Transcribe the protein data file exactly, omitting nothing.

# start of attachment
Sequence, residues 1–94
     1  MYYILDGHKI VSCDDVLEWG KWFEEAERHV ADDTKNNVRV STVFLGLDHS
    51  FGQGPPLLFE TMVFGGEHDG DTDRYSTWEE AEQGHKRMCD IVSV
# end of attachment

Sequence, residues 1–94
     1  MYYILDGHKI VSCDDVLEWG KWFEEAERHV ADDTKNNVRV STVFLGLDHS
    51  FGQGPPLLFE TMVFGGEHDG DTDRYSTWEE AEQGHKRMCD IVSV